However, open dorsal approaches to the cervical spine require extensive subperiosteal stripping of the paraspinal musculature that leads to postoperative pain, spasm, and dysfunction and can be persistently disabling in 18% to 60% of patients.4,9,12,13 Furthermore, preoperative loss of lordosis and long segment decompressions increase the risk for postoperative sagittal plane deformity,1417 a complication that frequently prompts instrumented arthrodesis at the time of laminectomy. Employing these extensive posterior fusion techniques increases operative risks, time, and blood loss; exacerbates early postoperative pain; and potentially contributes to adjacent-level degeneration.

The fundamental tenet of minimal access techniques is reduction of approach-related morbidity. To that end, the advent of muscle-splitting tubular retractor systems and the use of endoscopic technology or the microscope have allowed for the application of minimally invasive techniques to dorsal cervical decompressive procedures13,1835 and fixation.3640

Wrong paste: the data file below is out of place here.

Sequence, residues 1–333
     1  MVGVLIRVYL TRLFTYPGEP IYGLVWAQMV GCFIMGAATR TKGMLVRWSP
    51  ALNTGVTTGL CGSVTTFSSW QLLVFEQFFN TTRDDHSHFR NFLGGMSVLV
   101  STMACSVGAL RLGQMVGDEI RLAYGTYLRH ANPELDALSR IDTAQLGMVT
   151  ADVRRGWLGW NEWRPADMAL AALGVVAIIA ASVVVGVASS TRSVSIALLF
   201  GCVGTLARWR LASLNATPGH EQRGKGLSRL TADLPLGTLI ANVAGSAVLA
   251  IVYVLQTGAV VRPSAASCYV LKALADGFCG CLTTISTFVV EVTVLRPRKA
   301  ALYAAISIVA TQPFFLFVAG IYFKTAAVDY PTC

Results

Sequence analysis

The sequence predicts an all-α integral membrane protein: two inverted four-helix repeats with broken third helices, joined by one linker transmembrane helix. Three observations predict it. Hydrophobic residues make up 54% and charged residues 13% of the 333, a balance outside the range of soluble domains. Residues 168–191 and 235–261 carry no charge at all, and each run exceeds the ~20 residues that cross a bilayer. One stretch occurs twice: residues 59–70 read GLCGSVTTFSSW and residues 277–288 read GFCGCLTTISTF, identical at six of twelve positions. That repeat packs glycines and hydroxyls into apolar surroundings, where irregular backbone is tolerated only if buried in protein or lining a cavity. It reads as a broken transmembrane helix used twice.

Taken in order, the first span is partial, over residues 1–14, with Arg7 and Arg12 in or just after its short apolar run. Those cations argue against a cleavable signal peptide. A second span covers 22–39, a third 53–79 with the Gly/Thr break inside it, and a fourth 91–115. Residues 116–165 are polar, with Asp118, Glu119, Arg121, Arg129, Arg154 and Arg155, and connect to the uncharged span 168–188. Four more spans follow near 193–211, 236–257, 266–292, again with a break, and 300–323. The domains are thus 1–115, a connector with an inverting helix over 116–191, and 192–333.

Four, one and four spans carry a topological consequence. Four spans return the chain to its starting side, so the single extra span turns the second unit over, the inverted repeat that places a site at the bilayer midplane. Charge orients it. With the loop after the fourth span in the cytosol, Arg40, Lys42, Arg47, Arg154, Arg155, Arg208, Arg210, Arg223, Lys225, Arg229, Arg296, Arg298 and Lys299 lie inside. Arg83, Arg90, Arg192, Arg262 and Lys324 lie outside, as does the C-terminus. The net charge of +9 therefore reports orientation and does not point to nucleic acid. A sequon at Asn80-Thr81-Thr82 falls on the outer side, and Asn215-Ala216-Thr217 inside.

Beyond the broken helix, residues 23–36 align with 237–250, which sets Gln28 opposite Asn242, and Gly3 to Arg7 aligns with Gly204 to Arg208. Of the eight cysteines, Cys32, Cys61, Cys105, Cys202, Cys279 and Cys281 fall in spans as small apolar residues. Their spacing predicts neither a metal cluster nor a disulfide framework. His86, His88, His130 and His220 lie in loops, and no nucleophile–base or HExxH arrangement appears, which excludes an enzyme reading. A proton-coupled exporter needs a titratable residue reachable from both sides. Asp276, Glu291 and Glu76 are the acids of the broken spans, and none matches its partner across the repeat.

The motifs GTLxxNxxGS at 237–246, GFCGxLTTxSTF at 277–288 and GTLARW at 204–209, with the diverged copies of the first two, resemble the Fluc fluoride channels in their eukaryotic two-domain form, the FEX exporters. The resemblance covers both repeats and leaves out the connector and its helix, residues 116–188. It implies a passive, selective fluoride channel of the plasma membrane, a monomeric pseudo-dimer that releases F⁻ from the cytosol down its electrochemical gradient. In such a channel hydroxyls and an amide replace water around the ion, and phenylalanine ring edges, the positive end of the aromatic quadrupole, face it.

Spurling, Scoville, and Frykholm were the first to describe the open cervical foraminal decompression between 1944 and 1947.4143 In 1983 Williams reported the first microsurgical technique for dorsal cervical foraminotomy.44 Several minimally invasive dorsal cervical techniques were described after that.1840 To avoid confusion, and to simplify the description of all these techniques, we divided them into two main approaches: (1) the minimally invasive midline cervical approach, and (2) the minimally invasive paramedian (transtubular or transmuscular) cervical approach. An endoscope or microscope could be used in either approach. These approaches are used to perform laminotomy/foraminotomy/discectomy, laminectomy, laminoplasty,34,35 and lateral mass fixation.3640